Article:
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Nesting and the Law
- To: email@example.com
- Subject: Nesting and the Law
- From: jrose@Sun.COM (John Rose)
- Date: Mon, 27 Jun 88 11:11:26 PDT
- Cc: commonloops.pa@Xerox.COM
- In-reply-to: karl lieberherr's message of Thu, 23 Jun 88 07:49:36 EDT <8806231149.AA04866@corwin.CCS.Northeastern.EDU>
- Redistributed: commonloops.pa
Date: Thu, 23 Jun 88 07:49:36 EDT
From: karl lieberherr <firstname.lastname@example.org>
Jim Kempf took strong exception to our ideas in writing:
After reading your IEEE Computer article, I must unfortunately
take strong exception to your Law of Demeter for CLOS.
This is a clear statement and requires a clear answer.
We took his message (along with feedback from our students)
as an opportunity to make our Law more clear:
----- LAW OF DEMETER (CLOS, object version, revised) -------------
For all methods M, all function calls inside M must use only the
following objects as method selection arguments:
- M's argument objects or
- slot values of method selection argument classes of M.
(Objects created by the method, or by functions which
it calls, and objects in global variables are viewed as
being passed by arguments.
A method selection argument is an argument which is used
for identifying the applicable methods.)
This law is vacuous, except for the clarification below, because
function calling is the only mode of computation in Lisp,
apart from the evaluation of literal constants and special forms.
(Proof: In Lisp, (F X) == (FUNCALL #'F X), except for special
forms.) Therefore, this Law prohibits nothing. (Or are you
restricting special forms and literals? :-).
The important thing to realize is that Lisp supports, as its
fundamental concept, functional abstraction. Any rule, guideline,
or Law which attempts to differentiate functions according
to their nature or contents is not going to integrate well with Lisp.
The Law of Demeter has implications for the nesting of function
calls. To discuss those implications, we classify functions as follows:
A accessor function returns an object which exists before the
function was called.
A constructor function returns an object which did not exist before
the function was called.
The Law allows the nesting of constructor functions, as well as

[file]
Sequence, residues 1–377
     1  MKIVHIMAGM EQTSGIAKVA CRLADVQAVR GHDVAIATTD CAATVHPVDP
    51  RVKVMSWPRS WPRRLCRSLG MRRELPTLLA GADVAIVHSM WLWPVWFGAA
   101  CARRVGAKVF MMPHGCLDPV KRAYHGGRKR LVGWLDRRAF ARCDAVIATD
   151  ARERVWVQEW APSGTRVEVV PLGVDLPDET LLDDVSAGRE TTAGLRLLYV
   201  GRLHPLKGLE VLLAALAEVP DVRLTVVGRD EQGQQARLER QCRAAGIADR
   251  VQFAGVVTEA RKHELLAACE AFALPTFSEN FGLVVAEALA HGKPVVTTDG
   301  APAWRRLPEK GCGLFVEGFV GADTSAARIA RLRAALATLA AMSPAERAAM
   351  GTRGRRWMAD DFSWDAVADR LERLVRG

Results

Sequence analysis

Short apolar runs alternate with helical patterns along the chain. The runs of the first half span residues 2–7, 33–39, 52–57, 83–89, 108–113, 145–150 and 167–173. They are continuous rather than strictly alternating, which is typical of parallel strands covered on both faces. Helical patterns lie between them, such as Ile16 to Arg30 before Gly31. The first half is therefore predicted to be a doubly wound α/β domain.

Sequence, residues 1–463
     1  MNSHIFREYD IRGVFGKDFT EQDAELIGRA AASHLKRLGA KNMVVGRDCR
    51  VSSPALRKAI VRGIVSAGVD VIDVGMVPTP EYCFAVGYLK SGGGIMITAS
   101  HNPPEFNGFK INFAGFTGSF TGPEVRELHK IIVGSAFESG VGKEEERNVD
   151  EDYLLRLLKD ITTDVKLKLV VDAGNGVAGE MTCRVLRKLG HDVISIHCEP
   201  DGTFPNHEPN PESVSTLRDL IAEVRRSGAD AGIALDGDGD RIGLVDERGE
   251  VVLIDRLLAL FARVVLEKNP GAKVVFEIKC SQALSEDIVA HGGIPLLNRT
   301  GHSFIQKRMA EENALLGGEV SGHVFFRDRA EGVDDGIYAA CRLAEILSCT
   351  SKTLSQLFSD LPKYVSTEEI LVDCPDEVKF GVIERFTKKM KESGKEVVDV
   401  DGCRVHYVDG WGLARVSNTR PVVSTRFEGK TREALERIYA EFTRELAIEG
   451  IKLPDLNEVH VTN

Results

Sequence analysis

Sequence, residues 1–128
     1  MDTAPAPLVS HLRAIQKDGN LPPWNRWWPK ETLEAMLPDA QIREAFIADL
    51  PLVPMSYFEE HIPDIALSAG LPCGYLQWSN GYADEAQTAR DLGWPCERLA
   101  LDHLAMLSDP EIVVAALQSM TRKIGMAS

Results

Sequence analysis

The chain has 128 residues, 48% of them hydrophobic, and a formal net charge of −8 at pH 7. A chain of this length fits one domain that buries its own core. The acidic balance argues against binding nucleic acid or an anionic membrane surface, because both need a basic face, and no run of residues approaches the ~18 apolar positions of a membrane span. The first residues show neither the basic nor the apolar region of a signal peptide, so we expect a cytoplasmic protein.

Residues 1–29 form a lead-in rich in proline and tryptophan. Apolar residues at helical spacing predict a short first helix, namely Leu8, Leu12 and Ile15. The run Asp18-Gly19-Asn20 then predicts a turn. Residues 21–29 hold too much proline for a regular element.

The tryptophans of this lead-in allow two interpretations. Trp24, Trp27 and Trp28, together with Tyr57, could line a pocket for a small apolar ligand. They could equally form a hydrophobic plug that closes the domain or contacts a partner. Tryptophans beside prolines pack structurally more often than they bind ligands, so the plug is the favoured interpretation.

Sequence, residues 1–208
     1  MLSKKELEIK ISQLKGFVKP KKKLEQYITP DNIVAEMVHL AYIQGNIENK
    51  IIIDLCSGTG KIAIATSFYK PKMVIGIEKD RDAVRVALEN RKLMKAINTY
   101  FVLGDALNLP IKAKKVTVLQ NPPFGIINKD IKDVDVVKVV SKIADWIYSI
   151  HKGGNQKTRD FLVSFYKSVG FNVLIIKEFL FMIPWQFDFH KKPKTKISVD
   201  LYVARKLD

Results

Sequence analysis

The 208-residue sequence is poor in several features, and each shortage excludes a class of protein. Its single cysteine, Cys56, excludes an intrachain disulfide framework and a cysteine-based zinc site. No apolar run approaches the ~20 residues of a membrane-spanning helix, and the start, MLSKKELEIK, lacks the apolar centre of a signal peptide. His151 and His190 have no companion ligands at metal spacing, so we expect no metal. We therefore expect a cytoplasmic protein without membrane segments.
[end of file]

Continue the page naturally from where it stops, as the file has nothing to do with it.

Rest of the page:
the nesting of non-generic functions.
However, the Law prohibits functional composition of generic accessor functions.
Finally! A straightforward statement of your Law. As I expected,
a negative formulation would be clearest.
What this clarifies, perhaps, is a misconception of this Law's proponents
concerning the character of Lisp. In some languages, there are linguistic
distinctions between accessors, constructors, overloaded functions,
and "plain" functions. Checking adherence to your Law requires the
ability to make those distinctions, for every function which appears
in a method body.
In Lisp, such distinctions may be hidden behind functional abstraction
boundaries (e.g., inside a lambda). Therefore, adherence to your Law
not only requires examination of the source code of a method body,
which is reasonable, but also forces the examination of the definitions
of all functions used by the method. That's unreasonable, not least
because it destroys functional abstraction boundaries.
In fact, since Lisp functions can be stored in data structures and
computed at runtime, adherence to your Law is a theoretically undecidable
I don't think your Law integrates well with Lisp. I think it
depends on linguistic distinctions which Lisp happily avoids.
(For the record, I further believe that these distinctions
in a language hamper the creation of good abstractions.)
Here's an alternative law governing slot variables, which preserves
abstraction, instead of destroying it:
The function SLOT-VALUE may only be used to access the
slots of lexically apparent classes.
Clarifications and definitions:
* A class is lexically apparent within its defining
form, and within the body of any method which uses
that class as a selector.
* We define all such locations to be the "scope" of
the class. That is, a class is lexically apparent
within its scope, and nowhere else.
* The call to SLOT-VALUE may appear on the scope of a
class through macroexpansion and DEFCONSTANT
substitution, but not through inline
substitution or runtime use of FUNCALL.
* The slot accessed by any call to SLOT-VALUE must
be determined at compile time. That is, only
literal symbol values and DEFCONSTANT values
may be used as slot names.
* The scope of a class may be extended to include
the scopes of other classes, or to include specific
functions, by the use of a to-be-defined FRIEND
declaration. (This is as in C++, and makes
this rule more flexible without detracting from
a class's autonomy.)
* This rule is made to be broken by debuggers and
other system code.